In preparation for my first trip overseas, I decided that it was time to demote my Sony DSC-P100 (I have the fast red model) to party/fun camera, and upgrade to something a little more powerful.
Trying to decide what camera to replace it with was a world of hurt with so many makes and models and features to choose from. I wanted the ability to shoot video, SD memory card support, lots of control (shutter speed and aperture priority, among other things) and it had to cost me less than $1000.
After some research, I narrowed down my choice to the Panasonic DMC-FZ28 and the Canon SX1 IS. I won’t compare the two for you – plenty of other sites do that already, but because of the better (and stereo) microphones and the longer zoom, the Canon won the battle.
The Canon PowerShot SX1 IS
The SX1 IS packs a 10 mega pixel CMOS sensor, 20x optical zoom lens, and records movies at the full high definition resolution of 1920×1080 pixels.
It features optical image stabilisation, a 2.8″ articulated LCD (‘vari-angle’ – the LCD swings out and can be rotated), RAW image capture out of the box (the firmware update for RAW support is already applied), face and motion detection and the Dig!C 4 image processor.
The Kogan agora netbook is very impressive on the hardware side, but open the lid and gOS is not as ‘good’ as the name suggests.
With an Intel Atom 1.6GHz processor, 160GB hard disk drive and 10.1 inch matte finish LCD, the agora is well equiped. Coming in two versions, the agora and the agora pro, they differ by the amount of memory (1GB vs. 2GB) and the battery size (3 cell vs. 6 cell). The agora is priced at $499 and you will pay $539 for the agora pro.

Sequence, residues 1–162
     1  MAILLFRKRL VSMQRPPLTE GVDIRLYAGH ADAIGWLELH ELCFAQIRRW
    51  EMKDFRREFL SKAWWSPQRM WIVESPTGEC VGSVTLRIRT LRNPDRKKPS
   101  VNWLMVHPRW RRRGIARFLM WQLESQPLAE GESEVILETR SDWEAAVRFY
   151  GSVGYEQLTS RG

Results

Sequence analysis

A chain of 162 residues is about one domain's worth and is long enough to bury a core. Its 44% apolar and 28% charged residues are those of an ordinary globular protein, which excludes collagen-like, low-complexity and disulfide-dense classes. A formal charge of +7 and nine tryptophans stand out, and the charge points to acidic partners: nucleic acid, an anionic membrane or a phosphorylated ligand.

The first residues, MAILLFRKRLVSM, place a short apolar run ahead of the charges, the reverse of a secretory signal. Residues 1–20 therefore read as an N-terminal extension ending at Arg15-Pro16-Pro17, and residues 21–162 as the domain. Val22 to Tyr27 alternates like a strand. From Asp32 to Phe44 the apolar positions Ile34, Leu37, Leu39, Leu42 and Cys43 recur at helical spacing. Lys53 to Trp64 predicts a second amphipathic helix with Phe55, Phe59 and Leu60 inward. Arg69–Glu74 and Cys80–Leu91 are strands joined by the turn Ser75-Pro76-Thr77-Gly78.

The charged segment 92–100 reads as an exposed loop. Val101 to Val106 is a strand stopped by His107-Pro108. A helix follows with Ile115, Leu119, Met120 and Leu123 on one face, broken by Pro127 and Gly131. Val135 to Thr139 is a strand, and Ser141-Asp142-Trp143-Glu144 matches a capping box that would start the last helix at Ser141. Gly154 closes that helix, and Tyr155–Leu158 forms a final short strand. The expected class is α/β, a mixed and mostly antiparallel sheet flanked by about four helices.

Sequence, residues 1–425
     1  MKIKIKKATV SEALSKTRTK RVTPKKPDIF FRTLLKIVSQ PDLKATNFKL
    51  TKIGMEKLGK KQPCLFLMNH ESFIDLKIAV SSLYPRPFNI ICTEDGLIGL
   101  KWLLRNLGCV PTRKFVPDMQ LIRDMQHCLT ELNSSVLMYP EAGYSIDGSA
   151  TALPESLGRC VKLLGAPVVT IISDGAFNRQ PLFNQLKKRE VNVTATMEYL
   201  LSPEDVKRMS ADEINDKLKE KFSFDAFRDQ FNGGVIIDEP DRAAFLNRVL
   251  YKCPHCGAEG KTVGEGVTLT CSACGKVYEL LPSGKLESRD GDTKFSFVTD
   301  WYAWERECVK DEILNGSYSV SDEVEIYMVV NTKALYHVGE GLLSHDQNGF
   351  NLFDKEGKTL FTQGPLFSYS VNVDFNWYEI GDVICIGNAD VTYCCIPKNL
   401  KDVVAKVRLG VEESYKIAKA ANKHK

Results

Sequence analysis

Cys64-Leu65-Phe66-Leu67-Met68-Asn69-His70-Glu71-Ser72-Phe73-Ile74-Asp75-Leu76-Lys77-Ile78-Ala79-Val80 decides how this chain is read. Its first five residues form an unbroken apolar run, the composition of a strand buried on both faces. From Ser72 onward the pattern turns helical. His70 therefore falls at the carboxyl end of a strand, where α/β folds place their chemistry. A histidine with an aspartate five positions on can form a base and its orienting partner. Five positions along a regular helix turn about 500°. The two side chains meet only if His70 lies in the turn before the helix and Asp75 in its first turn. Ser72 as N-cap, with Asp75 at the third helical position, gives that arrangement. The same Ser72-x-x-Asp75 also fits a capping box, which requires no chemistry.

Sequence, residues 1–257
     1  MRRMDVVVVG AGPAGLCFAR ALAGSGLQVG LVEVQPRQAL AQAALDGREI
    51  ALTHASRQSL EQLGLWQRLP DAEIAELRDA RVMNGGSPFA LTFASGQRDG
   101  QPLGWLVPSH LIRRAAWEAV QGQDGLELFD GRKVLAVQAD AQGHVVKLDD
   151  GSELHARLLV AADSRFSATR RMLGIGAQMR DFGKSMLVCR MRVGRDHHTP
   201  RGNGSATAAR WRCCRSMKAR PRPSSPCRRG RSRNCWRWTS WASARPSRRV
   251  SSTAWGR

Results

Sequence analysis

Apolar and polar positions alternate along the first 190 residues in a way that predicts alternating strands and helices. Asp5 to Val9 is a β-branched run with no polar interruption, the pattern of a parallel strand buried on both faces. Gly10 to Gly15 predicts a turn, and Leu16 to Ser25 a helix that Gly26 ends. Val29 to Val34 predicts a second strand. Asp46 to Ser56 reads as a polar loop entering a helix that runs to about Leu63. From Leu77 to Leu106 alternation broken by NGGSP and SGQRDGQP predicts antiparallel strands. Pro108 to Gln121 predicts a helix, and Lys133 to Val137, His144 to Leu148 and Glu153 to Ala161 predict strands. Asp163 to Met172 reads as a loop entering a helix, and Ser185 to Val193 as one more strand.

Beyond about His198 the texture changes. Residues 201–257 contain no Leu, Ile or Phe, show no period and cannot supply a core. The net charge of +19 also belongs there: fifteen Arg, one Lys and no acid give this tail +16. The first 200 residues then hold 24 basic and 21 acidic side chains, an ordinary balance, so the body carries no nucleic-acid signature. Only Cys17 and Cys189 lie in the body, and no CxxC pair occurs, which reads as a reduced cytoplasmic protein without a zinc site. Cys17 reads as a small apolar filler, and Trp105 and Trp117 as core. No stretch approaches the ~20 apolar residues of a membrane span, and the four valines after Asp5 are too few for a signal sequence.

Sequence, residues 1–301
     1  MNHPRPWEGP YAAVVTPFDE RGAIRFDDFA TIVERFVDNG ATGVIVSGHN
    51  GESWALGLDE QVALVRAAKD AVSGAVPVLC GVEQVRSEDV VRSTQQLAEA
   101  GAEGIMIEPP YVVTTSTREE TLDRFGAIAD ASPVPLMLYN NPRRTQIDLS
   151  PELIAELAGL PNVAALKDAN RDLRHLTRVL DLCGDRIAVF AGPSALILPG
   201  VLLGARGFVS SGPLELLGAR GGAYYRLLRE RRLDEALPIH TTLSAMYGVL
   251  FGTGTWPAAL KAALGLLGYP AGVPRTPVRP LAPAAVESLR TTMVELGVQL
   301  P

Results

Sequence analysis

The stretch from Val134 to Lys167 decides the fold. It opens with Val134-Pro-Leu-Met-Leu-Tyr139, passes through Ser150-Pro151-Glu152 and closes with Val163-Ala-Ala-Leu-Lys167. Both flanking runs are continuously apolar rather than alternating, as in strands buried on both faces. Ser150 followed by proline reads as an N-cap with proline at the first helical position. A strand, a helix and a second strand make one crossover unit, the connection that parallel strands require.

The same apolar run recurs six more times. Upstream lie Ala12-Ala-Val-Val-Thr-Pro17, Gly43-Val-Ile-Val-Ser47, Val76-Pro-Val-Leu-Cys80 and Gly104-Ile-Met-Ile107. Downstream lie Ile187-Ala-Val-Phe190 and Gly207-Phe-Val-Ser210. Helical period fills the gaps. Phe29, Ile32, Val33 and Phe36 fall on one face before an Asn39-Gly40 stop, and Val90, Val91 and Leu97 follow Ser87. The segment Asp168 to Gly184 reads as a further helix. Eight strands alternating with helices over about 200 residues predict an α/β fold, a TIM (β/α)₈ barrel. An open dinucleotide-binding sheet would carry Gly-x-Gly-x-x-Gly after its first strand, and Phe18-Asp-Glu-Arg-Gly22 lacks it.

The 10.1 inch LCD meets the ‘sweet-spot’ size that most speak of in netbook land. After a consultative process on the Kogan blog, it was agreed that a matte finish was best, and I have to agree.
The agora’s LCD is very usable outside, where a gloss screen would often reflect the sun into your eyes. The native resolution is 1024×600.
The keyboard is easy enough to use – and didn’t take too long to adapt to. The only issue I had at first was the location of shift key in relation to the double quote key – it sits centered above the right shift key, whereas you would normally find it to the left of the shift. Not a deal breaker in the least, but programming on the agora at first resulted in some colons appearing where a double quote should have!
It is also worth noting that the blue function keys are well laid out. Page up and down, along with home and end are function keys placed on the arrow keys, and there are plenty of other function keys along most of the top row of the board, allowing you to sleep, turn on and off the wireless adapter and control the volume and brightness – just to name a few.